Doulas help women give birth anywhere. We offer support in a home birth setting, hospital birth setting, birth center birth setting, medicated birth setting, and even cesareans.
Again, the definition of a doula:
A doula is not a midwife (unless, of course, she’s certified as both), in that she has no authority to make medical decisions, nor is she credentialed to deliver a baby. She’s not considered on the level of a nurse, either; doulas cannot administer or regulate medicine, operate monitoring devices, et cetera. In fact, a reputable doula will tell you that she doesn’t even have the authority to speak on behalf of the mother should a complication or other medical surprise surface.That said, a doula is definitely a soothing presence in all birth settings, including PLANNED CESAREAN BIRTH.
But sometimes it’s the unnameable, intangible aspects of the conclusion of a pregnancy that require the most help and planning. And that’s where a doula is indispensable. In addition to the priceless knowledge and experience she brings to the laboring phase and to newborn-care assistance, she’s a wellspring of intimate emotional and physical support. A doula educates the family ahead of time; keeps the laboring mama focused and lucid; instinctively retrieves things she needs, like water or compresses; supports her body while walking through contractions; suggests different laboring positions; initiates massage and breathing patterns; reassures other labor partners; works alongside hospital staff; advocates for the mother; and, afterward, ensures that the new mommy is getting enough rest, is recovering well, and is bonding with the baby. - Divine Caroline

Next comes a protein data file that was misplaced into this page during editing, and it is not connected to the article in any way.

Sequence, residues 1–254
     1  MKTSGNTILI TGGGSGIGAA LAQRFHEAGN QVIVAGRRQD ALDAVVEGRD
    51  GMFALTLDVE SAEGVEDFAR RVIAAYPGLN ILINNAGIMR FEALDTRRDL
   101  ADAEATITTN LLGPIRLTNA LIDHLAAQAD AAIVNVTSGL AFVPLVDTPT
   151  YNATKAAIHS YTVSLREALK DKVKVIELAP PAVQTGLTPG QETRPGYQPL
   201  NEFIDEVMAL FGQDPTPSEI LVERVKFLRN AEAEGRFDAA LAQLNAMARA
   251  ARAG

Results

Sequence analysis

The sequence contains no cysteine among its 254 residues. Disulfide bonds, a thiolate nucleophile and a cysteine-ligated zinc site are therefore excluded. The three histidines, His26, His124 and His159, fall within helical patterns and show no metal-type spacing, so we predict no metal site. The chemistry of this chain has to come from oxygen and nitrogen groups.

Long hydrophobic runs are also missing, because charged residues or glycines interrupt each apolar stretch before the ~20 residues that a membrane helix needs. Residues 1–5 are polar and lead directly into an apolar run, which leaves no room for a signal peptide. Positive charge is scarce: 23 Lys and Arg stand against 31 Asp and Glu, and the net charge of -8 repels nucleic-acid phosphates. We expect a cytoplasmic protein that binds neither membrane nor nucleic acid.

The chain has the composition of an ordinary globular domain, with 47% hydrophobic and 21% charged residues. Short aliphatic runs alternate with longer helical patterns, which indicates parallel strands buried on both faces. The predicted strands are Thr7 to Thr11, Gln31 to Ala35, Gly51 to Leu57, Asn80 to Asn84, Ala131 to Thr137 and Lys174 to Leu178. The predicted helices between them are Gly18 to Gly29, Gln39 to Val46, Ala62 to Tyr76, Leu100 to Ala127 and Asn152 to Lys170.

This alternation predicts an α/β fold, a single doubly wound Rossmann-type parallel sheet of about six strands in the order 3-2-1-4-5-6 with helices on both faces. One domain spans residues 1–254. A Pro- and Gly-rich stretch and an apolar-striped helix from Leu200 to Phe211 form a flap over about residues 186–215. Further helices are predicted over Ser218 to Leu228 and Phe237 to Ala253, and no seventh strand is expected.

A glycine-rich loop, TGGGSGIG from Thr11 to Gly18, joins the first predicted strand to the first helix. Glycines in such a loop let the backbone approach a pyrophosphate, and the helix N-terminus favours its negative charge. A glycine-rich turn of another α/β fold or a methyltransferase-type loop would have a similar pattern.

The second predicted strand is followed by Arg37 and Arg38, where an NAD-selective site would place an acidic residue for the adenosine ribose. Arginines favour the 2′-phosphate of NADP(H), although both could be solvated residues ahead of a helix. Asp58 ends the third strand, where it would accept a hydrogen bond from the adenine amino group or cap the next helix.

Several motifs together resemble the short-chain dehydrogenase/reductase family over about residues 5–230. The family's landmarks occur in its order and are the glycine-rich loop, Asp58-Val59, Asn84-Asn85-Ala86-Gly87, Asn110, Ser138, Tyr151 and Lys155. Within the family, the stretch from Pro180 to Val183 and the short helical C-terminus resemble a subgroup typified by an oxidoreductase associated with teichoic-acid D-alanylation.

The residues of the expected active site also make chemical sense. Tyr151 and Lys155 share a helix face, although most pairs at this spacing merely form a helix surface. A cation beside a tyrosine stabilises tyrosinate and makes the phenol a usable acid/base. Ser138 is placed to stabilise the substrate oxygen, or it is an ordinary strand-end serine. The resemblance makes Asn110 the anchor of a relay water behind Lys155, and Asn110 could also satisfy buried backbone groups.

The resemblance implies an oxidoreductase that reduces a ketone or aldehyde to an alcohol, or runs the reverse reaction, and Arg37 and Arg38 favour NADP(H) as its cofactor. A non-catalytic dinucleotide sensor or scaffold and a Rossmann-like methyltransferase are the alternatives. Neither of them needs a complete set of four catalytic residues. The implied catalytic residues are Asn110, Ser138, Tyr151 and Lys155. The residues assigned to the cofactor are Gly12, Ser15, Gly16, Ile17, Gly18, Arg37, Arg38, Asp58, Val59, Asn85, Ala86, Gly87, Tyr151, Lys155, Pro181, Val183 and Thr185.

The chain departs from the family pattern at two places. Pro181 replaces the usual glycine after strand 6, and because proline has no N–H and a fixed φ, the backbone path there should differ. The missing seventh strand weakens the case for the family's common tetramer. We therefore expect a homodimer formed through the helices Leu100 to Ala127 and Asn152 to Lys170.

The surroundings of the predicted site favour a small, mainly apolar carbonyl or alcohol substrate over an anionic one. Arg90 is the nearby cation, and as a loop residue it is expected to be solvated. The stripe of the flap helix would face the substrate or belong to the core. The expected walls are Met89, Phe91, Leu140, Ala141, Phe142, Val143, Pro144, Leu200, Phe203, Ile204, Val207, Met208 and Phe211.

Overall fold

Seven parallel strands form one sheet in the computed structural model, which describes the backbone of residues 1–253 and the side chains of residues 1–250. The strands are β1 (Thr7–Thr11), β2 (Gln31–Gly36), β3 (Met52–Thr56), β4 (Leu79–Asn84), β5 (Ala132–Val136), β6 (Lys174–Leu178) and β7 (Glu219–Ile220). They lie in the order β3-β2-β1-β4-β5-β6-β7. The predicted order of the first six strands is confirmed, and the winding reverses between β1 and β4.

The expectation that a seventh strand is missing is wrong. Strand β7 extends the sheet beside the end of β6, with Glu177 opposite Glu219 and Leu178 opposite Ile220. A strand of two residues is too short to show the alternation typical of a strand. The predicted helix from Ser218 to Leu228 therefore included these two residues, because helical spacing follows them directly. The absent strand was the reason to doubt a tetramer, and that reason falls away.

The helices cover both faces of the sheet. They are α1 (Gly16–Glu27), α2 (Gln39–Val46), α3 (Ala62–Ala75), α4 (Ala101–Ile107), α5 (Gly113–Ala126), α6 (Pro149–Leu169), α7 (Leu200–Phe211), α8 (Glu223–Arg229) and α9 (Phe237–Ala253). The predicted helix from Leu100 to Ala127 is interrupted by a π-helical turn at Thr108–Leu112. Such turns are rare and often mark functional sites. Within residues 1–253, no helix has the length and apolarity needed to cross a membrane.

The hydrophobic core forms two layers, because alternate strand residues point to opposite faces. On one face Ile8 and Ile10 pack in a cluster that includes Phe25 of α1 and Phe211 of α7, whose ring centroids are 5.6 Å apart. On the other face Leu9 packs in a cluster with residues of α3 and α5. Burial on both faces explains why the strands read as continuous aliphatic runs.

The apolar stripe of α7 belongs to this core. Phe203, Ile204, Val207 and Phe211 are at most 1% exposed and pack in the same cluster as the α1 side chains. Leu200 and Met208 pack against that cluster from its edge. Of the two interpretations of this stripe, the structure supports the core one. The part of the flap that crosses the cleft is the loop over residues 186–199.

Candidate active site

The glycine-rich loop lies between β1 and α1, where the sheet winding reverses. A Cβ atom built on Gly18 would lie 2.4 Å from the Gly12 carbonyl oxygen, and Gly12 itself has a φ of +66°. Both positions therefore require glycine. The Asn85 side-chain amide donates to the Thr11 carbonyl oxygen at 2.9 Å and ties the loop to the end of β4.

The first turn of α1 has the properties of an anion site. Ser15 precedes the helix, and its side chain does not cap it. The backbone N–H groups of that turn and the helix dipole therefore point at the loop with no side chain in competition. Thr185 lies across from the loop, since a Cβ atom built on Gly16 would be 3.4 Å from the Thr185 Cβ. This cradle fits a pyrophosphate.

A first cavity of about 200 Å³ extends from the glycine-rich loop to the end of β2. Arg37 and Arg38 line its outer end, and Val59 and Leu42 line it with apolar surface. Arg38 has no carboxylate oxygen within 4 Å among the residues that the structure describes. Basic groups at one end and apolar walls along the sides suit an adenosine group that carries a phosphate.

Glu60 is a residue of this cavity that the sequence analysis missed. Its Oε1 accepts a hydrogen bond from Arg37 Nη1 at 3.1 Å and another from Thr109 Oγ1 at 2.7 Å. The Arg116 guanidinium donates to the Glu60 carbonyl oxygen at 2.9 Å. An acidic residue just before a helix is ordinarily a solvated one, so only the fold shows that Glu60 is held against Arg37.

During home visits, your doula can help you know what options you have for a cesarean birth, options to make your birth experience as mother- and baby-friendly as possible. Doulas also help women to talk with their provider about these options, which is an important step since many of these options are not common-place or commonly requested. In addition, we are helpful assurance during your birthing time:
- We labor with you: If you plan on waiting for baby to decide his/her birthday, we will do the early labor part with you at your home, earlier than we normally would.We will then move with you to the hospital.
- We 'labor' with you: Even if you aren't planning on letting labor begin before your cesarean, we can meet with you at the hospital before surgery to do last minute emotional mapping, get all postpartum plans in order, and more.
- We can be there for...: Oftentimes, we can be in the OR if it has been cleared with the obstetrician and anesthesiologist. This can be such a benefit because, once baby is born, someone normally can go and be with baby (if it's in the nursery or on the other side of the room) while someone else can stay with mom during repairs. We also have lots of doula-y tricks up our sleeves to make the experience very personalized and mother-centric.
- We can make memories: Or should I say lasting memories? Oftentimes the medications used during a cesarean can make it difficult for mom to remember all of the details of a cesarean birth. We can use a voice recorder, a video recorder, and/or a camera to take it all, or some of it (the parts you want us to), in. This can be an invaluable thumbprint for your memory of your baby's birth day.
- We stay late: We wait until you are out of surgery, to help you to nurse, to answer any questions you have, and to help you make a 'be sure to ask later' list for when the medications wear off and you and baby have had some time to rest. If your baby has any extended nursery time, we will wait until you and your partner feel settled in and comfortable letting the 'extra pair of hands' go.
- We refer out: if you need a postpartum doula or a lactation consultant, two very helpful options for postpartum, we can definitely give our recommended and personal best to you.
Doulas do it at planned cesarean births!